make[2]: Nothing to be done for `install-exec-am'.
test -z "/usr/local/share/info" || /bin/mkdir -p "/usr/local/share/info"
 /usr/bin/install -c -m 644 './stress.info' '/usr/local/share/info/stress.info'
 install-info --info-dir='/usr/local/share/info' '/usr/local/share/info/stress.info'
This is not dpkg install-info anymore, but GNU install-info
See the man page for ginstall-info for command line arguments
test -z "/usr/local/share/man/man1" || /bin/mkdir -p "/usr/local/share/man/man1"
 /usr/bin/install -c -m 644 'stress.1' '/usr/local/share/man/man1/stress.1'
make[2]: Leaving directory `/home/ubuntu/Downloads/stress-1.0.4/doc'
make[1]: Leaving directory `/home/ubuntu/Downloads/stress-1.0.4/doc'
Making install in test
make[1]: Entering directory `/home/ubuntu/Downloads/stress-1.0.4/test'
make[2]: Entering directory `/home/ubuntu/Downloads/stress-1.0.4/test'
make[2]: Nothing to be done for `install-exec-am'.
make[2]: Nothing to be done for `install-data-am'.
make[2]: Leaving directory `/home/ubuntu/Downloads/stress-1.0.4/test'
make[1]: Leaving directory `/home/ubuntu/Downloads/stress-1.0.4/test'

Edited by kiwiasian - 1/7/12 at 3:36pm
post #2 of 12
First tell us about the program. If you installed it correctly, it might also be in the /usr/bin folder where nearly all excutables are located. Look there.

Also open up a terminal (from anywhere), and start typing the first few letters of the application, and then press tab (if it doesn't go the first time, double tap tab). It will show you the list of options that it can complete if there are multiple applications that start with the similar letter sequence. If you nailed it, it should just autocomplete the application in the terminal. Then just press enter and enjoy.

Good luck.
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post #3 of 12
Thread Starter 
This is the program: http://weather.ou.edu/~apw/projects/stress/

I did not find anything in /usr/bin.

I just typed "stress" in terminal and something did indeed come up. Let's see how far I can get from here, thank you.
post #4 of 12
Quote:
Originally Posted by kiwiasian View Post

This is the program: http://weather.ou.edu/~apw/projects/stress/
I did not find anything in /usr/bin.
I just typed "stress" in terminal and something did indeed come up. Let's see how far I can get from here, thank you.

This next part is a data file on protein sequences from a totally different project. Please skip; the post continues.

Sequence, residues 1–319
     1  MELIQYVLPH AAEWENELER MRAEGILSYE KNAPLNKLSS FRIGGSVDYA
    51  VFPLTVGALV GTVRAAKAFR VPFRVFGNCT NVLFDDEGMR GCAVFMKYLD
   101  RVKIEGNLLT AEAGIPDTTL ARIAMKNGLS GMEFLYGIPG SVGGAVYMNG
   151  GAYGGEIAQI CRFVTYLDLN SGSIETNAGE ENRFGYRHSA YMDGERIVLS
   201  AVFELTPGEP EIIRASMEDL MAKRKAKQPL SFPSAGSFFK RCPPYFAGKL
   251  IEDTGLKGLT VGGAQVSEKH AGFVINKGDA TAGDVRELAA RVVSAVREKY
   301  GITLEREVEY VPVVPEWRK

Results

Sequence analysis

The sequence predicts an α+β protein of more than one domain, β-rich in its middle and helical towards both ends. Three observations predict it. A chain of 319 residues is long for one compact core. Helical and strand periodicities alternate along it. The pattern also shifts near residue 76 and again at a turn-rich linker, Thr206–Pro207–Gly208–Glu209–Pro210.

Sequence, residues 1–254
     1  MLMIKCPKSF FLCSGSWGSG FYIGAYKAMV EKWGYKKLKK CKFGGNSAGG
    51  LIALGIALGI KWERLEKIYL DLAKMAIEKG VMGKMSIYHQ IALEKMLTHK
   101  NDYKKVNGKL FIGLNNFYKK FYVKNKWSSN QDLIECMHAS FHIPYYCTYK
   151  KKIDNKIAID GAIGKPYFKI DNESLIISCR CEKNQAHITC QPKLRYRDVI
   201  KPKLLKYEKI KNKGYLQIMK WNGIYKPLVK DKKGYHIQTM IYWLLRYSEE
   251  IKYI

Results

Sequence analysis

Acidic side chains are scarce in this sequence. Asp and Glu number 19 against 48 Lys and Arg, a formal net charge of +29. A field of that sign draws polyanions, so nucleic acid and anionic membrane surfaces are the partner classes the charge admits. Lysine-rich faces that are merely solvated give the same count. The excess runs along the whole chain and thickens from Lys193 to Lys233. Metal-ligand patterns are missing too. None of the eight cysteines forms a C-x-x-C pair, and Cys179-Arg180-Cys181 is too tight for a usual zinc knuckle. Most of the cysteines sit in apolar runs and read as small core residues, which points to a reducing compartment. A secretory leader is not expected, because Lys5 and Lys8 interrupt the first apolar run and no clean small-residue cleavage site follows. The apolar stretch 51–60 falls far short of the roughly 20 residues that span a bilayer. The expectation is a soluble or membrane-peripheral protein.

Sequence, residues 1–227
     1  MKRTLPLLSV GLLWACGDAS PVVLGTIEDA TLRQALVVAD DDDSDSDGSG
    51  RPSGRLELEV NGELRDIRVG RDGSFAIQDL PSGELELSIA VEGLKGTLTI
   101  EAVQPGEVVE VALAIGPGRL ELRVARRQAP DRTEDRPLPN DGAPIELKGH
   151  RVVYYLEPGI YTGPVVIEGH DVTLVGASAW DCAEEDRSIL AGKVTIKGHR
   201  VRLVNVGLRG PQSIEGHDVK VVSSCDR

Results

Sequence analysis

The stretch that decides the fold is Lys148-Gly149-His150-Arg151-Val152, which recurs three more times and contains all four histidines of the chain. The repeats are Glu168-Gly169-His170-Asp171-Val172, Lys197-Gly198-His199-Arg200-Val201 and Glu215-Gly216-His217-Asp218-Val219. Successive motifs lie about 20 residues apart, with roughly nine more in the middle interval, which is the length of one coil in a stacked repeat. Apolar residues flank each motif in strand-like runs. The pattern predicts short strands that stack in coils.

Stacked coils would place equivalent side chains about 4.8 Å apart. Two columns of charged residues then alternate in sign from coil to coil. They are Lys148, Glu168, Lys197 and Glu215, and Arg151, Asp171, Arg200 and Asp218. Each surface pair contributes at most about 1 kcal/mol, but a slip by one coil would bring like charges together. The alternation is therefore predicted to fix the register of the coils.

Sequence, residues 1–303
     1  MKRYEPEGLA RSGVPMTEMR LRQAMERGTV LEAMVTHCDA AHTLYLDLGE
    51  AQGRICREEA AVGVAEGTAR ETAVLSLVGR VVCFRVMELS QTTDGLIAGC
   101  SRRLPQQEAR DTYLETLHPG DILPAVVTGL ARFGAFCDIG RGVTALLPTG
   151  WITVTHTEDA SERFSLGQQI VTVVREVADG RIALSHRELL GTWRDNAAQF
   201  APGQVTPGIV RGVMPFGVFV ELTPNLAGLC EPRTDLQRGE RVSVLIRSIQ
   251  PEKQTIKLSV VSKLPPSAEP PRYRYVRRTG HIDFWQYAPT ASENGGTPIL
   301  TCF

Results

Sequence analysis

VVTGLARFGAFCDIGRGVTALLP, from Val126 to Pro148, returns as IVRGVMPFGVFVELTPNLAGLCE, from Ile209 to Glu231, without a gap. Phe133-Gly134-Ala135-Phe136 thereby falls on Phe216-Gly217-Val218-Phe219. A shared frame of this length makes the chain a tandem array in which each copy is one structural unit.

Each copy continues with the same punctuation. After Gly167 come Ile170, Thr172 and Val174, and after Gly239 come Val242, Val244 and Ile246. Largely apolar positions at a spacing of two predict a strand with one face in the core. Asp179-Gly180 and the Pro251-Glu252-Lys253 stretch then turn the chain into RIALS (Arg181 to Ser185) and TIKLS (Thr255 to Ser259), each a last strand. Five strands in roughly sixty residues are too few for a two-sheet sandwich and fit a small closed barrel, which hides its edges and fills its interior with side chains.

That's it. It's a terminal based program, so it's no surprise that it didn't come up in your GUI menu. A "man stress" command will open up the manual page for the application. It's scant, but I think it is because it's a simple application.
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post #5 of 12
I'm not very familiar with Linux and didn't look at the make file but try this:

Go in the directory where the source code is and type "make" or "make check". Once that's complete, type "make install" and it should install itself and you should be able to find it then.
post #6 of 12
Thread Starter 
Ok, I got the stress program working correctly now. What's the best CPU-Z alternative for Linux? I'm not looking for something featured and complex but honestly just something that I can install in less than an hour...
post #7 of 12
Thread Starter 
Nevermind, doing cat /proc/cpuinfo over and over again in terminal is sufficient.
post #8 of 12
Did you configure / make / make install manually ? is it a .deb or .rpm file ? usually most apps get installed under /usr/ .
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post #9 of 12
Funny story: I was just looking for stress testing programs earlier today, probably about the same time you were, and I also stumbled upon this program. But I was too lazy to install it =P

What you just did was compile a program from its source. A lot of the time when you do this, it's for a text-based program, and you're going to have to go into a terminal and type the command to run it. When you compile from source, you don't usually get the icons on your desktop or Application folders. The reason you get these extras when you use a package manager is because a package manager is designed to automatically create and move those things around for you.
post #10 of 12
your stress is in /usr/local/bin. just type stress in the CLI.